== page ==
If you ask Deion Branch about his time in the NFL he would probably say that he was very blessed to be able to have played at the pro level. Ever since he was a kid he dreamed about making it to the NFL. In 2002 he accomplished that goal when he was drafted by the New England Patriots in the second round. He also learned a lot about the game under Coach John Smith where he played in college at Louisville.
Branch was named the Most Valuable Player of Super Bowl XXXIX. He tied former San Francisco 49ers wide receiver Jerry Rice and former Cincinnati Bengals tight end Dan Ross for the Super Bowl reception record with 11 catches for 133 yards.
Deion also does fantastic work off the field. He started up the Deion Branch Charitable Foundation, which is a non-profit organization whose mission is to offer support to children’s mental, physical and emotional well-being by assisting programs and initiatives aimed at improving their quality of life. The foundation is close to Deion’s heart as his son, Deiondre was diagnosed with Viral Meningitis at an early age. For more information on his foundation go to deionbranchfoundation.org.
I had a great talk with Deion about fatherhood, his foundation, and his time in the NFL.
Art Eddy: Before we talk about your foundation and fatherhood I want to talk about your time in the NFL. Take me back to your first game in the league. What will you always remember about that game?
Deion Branch: My first game was the Pittsburgh game my rookie season. There were a lot of great moments in that one game for me. I wanted to have the opportunity and privilege to play the game of football. I dreamed of doing that when I was a kid. I was in the position at that time of actually doing it.
One of the things that I took from that game was being in the receiver’s room with Troy Brown, David Patten, and my quarterback, Tom Brady. These were great guys that I was grateful to be around. I am still very close with them. That is the stuff that I cherish.
One big thing that stood out from that game in particular was my block that allowed Donald Hayes to get into the end zone. I had a peel back block on Lee Flowers. I’ll never forget this story. I kind of took him out. I hit him pretty good. I think I knocked him out for a couple plays. He thought Troy Brown hit him. (Both laugh.)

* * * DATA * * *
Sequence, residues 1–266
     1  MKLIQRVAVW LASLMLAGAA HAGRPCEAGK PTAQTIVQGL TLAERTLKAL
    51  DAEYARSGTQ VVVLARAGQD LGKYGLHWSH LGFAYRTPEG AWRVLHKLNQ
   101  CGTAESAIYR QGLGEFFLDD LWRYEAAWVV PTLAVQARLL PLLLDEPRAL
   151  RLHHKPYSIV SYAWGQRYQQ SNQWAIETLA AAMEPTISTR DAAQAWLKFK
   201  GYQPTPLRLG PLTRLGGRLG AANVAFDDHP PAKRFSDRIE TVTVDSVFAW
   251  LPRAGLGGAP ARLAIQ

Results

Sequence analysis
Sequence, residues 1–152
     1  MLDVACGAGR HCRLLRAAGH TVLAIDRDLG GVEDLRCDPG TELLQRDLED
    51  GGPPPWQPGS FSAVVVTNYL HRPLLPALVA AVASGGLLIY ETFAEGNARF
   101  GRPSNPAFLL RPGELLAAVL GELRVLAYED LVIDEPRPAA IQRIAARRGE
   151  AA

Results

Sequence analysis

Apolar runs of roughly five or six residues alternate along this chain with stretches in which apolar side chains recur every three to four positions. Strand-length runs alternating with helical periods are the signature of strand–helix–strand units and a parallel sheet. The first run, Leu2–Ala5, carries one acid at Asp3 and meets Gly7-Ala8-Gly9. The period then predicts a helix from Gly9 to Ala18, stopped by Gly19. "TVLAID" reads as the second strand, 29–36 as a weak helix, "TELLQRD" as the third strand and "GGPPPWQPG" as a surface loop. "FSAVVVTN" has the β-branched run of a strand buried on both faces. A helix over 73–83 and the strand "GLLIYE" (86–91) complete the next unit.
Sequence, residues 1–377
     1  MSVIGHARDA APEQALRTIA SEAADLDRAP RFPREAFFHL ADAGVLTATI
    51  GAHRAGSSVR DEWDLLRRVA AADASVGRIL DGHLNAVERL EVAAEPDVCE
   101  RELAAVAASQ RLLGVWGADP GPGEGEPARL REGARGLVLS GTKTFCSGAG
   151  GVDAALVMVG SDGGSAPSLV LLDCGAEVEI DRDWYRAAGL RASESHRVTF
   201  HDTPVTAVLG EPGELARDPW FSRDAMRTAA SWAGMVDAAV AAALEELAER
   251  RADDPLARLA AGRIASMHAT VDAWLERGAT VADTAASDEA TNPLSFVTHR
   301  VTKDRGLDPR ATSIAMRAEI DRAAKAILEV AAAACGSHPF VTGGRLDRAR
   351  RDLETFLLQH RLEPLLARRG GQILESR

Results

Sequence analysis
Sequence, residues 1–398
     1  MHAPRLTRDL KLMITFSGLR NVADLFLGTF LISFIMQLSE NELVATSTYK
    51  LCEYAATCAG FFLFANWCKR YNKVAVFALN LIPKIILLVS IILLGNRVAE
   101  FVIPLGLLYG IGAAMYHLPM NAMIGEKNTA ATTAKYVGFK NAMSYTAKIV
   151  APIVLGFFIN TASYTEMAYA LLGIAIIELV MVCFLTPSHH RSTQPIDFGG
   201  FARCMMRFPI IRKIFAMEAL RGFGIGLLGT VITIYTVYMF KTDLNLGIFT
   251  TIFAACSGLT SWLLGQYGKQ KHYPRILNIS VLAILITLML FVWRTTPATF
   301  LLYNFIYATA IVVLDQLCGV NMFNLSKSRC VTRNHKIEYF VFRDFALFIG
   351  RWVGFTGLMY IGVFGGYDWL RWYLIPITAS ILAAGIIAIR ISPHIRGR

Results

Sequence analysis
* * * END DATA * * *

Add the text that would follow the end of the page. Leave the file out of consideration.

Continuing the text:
He told Troy that he was going to kill him. Troy said, ‘That wasn’t me. It was Deion.’ (Both laugh.) That was the funniest thing ever. We still talk about that till this day. Troy, my main man. That is my guy. He sold me out.
AE: What was the transition like from college to the pro level?
DB: It wasn’t a big shock to me. I thought that Coach Smith and his staff did great job of grooming a lot of the guys. We have had a numerous amount of guys that have come through Louisville that have gone to the NFL. They did a great job of preparing us on the field.
Also my strength coach, Joey Kenn. He was one of the guys who had been in the game for a long time. He pulled me aside and told me all the things that he knew that I would need to know before heading into that draft. He told me how much to weigh. He always knocked me on my height. He said we can’t do anything about your height, but your weight we can work on. I was sitting around 180 pounds. He told me that I would never get drafted being around 180. I put on 12 pounds for him. He knew what he was talking about. It was just having the right guys around me.
AE: Playing with a quarterback like Tom Brady must have been a wide receiver’s dream. It seems you two had both great verbal and non-verbal communication on the field. When you are waiting for the ball to be snapped was there a look or hand signal that would be just for you when Tom called an audible?
DB: No, because as receivers as we break the huddle we stare at Tom with a look of give me the ball. (Both laugh.) I could see Troy doing it. David Givens and David Patton as well. We all give that look like hey I am open before the play even happens. I think that all the preparation that goes into these games you have an idea of what will happen.
Coach Belichick did a great job with the staff as far as making sure that they threw all kind of different things at us at practice. Once we realized what different looks there were in practice we knew what Tom would do with the ball in a game. You have a good idea in your head where the ball will go.